Word of the Day : March 4, 2014

magnum opus

noun MAG-num-OH-pus


: a great work; especially : the greatest achievement of an artist or writer

Did You Know?

You probably recognize "magnum" ("great") as a Latin word that shows up in altered forms in several English words, and perhaps you can also come up with a few that are related to "opus" ("work"). "Magnitude," "magnanimous," "opulent," and "operate" are some obvious relations of the two. "Magnum opus," which entered English in the late 18th century, retains the original Latin spelling and the literal meaning "great work." Although the term most often refers to literary productions, it has been used to describe many kinds of great works, including paintings, movies, construction projects, and even surgical techniques.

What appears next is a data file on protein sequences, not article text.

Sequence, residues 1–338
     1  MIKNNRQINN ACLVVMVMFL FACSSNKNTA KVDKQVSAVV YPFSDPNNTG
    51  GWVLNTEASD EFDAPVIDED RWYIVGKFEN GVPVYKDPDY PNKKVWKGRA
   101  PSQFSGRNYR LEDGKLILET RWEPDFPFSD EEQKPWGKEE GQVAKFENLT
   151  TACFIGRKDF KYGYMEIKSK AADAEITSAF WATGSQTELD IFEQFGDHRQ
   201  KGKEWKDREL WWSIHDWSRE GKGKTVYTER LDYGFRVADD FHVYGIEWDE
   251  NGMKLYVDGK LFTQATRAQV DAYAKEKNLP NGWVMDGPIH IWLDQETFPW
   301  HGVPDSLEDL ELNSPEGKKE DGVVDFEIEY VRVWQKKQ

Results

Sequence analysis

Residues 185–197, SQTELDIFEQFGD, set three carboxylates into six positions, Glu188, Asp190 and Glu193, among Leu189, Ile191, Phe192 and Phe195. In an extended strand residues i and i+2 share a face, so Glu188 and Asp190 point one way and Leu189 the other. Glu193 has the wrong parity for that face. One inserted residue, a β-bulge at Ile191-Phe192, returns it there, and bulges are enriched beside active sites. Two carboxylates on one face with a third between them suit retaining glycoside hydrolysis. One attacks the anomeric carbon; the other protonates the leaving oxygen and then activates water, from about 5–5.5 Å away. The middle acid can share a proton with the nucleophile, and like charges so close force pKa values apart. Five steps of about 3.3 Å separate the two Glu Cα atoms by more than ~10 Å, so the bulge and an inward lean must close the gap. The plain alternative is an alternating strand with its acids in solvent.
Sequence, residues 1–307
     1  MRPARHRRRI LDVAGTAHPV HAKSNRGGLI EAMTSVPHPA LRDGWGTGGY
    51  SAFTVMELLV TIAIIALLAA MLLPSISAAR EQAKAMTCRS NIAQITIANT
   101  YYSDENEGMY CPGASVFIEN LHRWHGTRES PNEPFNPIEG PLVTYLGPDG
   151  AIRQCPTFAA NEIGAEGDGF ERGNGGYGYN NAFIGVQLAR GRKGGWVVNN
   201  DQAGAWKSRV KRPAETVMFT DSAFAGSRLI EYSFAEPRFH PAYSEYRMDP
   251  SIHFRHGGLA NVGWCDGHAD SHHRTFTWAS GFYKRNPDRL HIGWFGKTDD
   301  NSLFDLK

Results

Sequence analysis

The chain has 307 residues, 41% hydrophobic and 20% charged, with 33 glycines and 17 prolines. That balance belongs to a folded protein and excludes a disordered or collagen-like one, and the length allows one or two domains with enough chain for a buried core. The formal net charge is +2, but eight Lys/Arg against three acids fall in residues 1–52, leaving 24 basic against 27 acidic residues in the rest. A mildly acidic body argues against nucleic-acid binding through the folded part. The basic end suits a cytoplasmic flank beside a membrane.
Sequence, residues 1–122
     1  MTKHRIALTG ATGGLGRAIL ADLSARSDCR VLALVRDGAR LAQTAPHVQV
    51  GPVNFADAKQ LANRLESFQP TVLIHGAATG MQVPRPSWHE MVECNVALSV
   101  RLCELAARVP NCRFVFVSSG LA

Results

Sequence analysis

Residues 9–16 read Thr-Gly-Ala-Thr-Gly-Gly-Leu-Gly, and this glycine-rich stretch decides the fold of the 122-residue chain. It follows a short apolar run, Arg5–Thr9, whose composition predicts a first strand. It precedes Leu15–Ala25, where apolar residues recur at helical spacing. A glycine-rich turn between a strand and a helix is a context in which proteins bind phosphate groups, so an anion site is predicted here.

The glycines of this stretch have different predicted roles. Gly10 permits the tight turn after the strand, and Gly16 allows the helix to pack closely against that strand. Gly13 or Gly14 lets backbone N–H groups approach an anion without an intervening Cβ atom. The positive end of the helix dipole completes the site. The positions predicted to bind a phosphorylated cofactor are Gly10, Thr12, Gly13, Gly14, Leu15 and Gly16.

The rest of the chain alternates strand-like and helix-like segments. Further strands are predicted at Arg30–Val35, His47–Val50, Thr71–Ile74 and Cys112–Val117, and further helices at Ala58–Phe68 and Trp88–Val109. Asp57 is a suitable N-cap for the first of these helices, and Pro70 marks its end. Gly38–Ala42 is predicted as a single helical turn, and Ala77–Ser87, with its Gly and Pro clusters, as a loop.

Moby-Dick is widely regarded as Herman Melville's magnum opus.

"The 'visual album' came to us intimately, a surprise delivered in the night without PR apparatuses or label hype machines, with a magical, delectable set of videos to match. That it's already been hailed by almost every critical body as a magnum opus is no wonder, considering both the delightful unexpectedness of its delivery and its stunning, detailed lushness." - From a review by Devon Maloney in The Village Voice, January 15, 2014

Word Family Quiz

What 7-letter relative of "magnum opus" refers to a person who has great wealth and power in a particular business or industry? The answer is …


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